Currently, Virginia employers have discretion whether to provide employees access to their employment records. However, as of July 1, 2019, an amendment to the Virginia Code will take effect requiring employers to provide copies of certain employment records to employees upon request.
Specifically, pursuant to Virginia Code Section 8.01-413.1.B:
Every employer shall, upon receipt of a written request from a current or former employee or employee’s attorney, furnish a copy of all records or papers retained by the employer in any format, reflecting (i) the employee’s dates of employment with the employer; (ii) the employee’s wages or salary during the employment; (iii) the employee’s job description and job title during the employment; and (iv) any injuries sustained by the employee during the course of the employment with the employer. Such records or papers shall be provided within 30 days of receipt of such a written request.
The employer has 30 days from receipt of such a request to provide copies of the records. If an employer cannot comply with the deadline, it must provide written notice of the reason for any delay and still produce the records within 30 days of providing the notice. The employer may charge the employee a reasonable fee for the cost of producing the employment records.
The statute contains an exception for personnel files that include a written statement from the employee’s physician or clinical psychologist indicating that providing the employee with the records may endanger the life or safety of the employee or another person. There is also an exception for records that reference another person and the employee’s access to those records may cause harm to the referenced person. Under these exceptions, the employer must still provide the records to the employee’s attorney or authorized insurer, rather than directly to the employee.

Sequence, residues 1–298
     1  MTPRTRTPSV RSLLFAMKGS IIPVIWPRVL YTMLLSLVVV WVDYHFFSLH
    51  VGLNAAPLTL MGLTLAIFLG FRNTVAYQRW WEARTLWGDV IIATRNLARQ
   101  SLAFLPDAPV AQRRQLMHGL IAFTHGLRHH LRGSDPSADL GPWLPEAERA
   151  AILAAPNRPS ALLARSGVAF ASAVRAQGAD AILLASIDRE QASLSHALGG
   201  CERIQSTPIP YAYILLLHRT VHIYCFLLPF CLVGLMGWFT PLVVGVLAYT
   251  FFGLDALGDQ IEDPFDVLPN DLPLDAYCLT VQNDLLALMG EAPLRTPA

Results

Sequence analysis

If an employer fails to comply with a request for employment records under this statute, the employee or his attorney can issue a subpoena for the documents. If the court decides the employer’s refusal to provide the records was willful, the employee may be awarded damages for all expenses incurred by the employee, including court costs and reasonable attorney’s fees.
Practical Counsel: What should employers do to remain in compliance with this new law?
- Update Employment Documentation: First, employers need to understand the scope of the new law and modify their recordkeeping policies. In this regard, employers are required to provide copies of all records relevant to the four (4) categories provided in the statute – NOT all records kept by the employer. For example, a performance review is not included within these 4 categories. So, employers should carefully draft employment documentation in consideration of whether it will be subject to mandatory employee disclosure. And, documents should be saved and organized within employee files in accordance to whether such document would be subject to disclosure.
- Update Handbooks and Policies: Second, Employers should consider updating employee handbooks and employment policies that relate to access to employment records to reflect the change. Specifically, if any policies discuss employment records as property of the employer with employer discretion as to whether to provide employment records upon request, the policy should be updated in accordance with the amendment.
- Designate Procedure: Finally, the employer should designate a person or department to handle employment records and record requests to ensure that requests for documents are complied with within the 30 day requirement.
For guidance regarding how this legislation affects your business, contact the employment law experts at General Counsel, PC today at 703-556-0411.